9. When films are "ripped," condensed in file size, and placed on peer-to-peer networks such as BitTorrent, it's extremely rare for any of the special DVD/BD features to be included. (Except for subtitles, which are placed in separate files. On perhaps one out of fifty, a second audio track for a director's commentary.) I take it that those who avail themselves *a-HEM!* of this mode of access — whether to gauge disc transfer quality, sample a film before a purchase, or defy a bankrupt concept of "IP" — aren't missing much by not having several hundred such affirmations being included. Such postings do often include a scan of the front cover of the DVD or BD disc ... though rarely the back cover. Does anyone have such a scan of the latter, to show this philosophic and esthetic copywriting gaffe from the Gang Who Couldn't Market Straight? (And is offering replacement case inserts. Too late, really.)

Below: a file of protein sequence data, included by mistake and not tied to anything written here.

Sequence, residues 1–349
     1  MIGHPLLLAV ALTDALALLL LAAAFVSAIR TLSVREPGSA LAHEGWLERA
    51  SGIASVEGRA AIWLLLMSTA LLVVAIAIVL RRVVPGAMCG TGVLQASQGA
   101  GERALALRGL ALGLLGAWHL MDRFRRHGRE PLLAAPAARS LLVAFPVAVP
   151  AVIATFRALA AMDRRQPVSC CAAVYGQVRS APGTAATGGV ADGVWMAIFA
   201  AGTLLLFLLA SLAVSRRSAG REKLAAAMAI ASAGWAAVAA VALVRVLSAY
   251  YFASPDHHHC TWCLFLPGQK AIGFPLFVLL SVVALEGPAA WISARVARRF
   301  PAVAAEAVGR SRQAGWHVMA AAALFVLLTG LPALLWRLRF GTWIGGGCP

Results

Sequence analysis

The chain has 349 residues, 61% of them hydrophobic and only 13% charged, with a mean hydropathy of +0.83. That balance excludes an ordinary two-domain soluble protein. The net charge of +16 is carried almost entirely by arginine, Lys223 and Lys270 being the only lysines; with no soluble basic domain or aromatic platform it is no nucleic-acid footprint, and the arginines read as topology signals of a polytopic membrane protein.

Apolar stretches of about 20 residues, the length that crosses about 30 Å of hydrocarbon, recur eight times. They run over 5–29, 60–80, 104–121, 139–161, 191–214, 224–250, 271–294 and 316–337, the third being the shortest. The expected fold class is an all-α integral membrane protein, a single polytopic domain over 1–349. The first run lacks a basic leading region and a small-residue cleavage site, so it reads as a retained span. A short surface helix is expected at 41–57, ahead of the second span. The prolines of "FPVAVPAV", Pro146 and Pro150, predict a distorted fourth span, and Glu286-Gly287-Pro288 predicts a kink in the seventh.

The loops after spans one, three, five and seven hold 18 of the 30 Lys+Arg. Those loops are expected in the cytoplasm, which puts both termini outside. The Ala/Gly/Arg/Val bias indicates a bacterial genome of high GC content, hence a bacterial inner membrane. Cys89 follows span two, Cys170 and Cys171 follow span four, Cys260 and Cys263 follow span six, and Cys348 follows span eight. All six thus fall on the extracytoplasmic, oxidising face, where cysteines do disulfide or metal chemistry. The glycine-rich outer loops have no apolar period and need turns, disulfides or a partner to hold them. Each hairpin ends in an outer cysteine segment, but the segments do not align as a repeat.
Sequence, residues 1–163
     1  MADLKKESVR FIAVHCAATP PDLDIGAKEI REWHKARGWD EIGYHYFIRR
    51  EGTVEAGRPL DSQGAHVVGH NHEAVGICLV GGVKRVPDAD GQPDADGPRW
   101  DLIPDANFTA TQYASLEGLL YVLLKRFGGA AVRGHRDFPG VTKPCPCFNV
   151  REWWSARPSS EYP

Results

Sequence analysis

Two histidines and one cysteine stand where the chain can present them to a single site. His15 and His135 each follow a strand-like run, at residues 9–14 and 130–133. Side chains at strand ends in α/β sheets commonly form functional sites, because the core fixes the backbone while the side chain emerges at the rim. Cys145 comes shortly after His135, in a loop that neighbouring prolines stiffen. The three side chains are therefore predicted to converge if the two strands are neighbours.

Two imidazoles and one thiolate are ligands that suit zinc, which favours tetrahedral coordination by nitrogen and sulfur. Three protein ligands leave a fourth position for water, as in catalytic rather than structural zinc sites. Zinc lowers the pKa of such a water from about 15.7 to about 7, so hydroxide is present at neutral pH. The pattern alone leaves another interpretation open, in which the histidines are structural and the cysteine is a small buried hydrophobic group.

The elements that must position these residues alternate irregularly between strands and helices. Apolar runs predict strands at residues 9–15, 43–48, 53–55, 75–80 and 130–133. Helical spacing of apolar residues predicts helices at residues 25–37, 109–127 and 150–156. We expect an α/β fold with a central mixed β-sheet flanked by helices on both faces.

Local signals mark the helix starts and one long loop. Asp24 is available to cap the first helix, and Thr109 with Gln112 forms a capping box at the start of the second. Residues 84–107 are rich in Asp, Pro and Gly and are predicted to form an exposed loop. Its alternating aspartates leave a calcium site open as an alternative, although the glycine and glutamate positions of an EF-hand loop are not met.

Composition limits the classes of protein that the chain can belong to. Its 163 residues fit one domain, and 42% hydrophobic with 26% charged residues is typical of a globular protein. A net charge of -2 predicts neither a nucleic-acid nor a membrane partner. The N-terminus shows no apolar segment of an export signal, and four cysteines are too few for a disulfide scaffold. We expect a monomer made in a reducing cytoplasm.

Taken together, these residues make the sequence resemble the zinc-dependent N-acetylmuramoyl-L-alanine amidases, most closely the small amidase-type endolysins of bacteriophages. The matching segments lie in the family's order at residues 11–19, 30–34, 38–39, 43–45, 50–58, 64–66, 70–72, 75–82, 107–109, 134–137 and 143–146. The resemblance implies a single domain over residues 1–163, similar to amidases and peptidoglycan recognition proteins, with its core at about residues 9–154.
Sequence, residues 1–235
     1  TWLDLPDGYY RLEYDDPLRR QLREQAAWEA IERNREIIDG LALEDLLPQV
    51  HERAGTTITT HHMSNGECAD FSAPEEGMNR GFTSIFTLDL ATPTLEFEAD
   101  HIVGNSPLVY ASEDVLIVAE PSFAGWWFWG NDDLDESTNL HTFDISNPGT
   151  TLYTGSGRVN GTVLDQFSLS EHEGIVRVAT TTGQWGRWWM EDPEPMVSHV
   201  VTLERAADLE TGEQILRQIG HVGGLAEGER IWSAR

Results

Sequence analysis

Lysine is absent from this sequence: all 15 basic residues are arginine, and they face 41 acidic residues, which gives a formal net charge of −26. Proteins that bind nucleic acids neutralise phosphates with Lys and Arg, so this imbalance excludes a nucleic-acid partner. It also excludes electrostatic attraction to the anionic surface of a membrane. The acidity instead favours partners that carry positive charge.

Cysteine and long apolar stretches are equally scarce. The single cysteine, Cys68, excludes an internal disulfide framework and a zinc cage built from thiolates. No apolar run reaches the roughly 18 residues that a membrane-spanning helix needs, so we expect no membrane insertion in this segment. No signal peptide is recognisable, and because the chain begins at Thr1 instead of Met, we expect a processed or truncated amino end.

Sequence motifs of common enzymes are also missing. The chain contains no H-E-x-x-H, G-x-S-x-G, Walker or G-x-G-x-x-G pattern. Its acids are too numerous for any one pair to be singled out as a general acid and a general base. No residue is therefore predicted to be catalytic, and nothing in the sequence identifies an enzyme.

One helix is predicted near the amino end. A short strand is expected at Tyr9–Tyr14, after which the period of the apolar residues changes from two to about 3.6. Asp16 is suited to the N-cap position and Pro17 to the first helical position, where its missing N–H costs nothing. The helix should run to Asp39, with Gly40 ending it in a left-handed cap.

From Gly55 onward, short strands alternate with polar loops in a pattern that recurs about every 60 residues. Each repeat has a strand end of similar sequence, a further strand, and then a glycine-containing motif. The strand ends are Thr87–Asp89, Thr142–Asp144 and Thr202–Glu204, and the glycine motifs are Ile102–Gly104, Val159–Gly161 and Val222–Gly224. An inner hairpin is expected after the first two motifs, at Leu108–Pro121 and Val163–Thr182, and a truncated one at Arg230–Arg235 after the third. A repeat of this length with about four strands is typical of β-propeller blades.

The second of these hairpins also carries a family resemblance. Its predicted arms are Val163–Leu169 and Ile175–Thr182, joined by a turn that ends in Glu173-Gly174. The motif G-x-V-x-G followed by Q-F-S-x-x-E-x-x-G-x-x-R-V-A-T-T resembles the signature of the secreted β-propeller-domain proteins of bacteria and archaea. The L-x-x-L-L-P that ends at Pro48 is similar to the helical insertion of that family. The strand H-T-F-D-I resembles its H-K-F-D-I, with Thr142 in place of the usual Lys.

10. The only corrective is to put the military members in a position where they do not require "care packages." That is, to bring them home at once. He is unarguably correct, both historically and in our experience since Nine Eleven. It has come to the point of inflicting verbal and even physical abuse in public venues, notably at sports events, for not making such obeisance to governmental symbols. Somebody in academe finally has the cojones to say this out loud! Suffolk University is not a governmental institution. No one is coerced in order to pay his salary.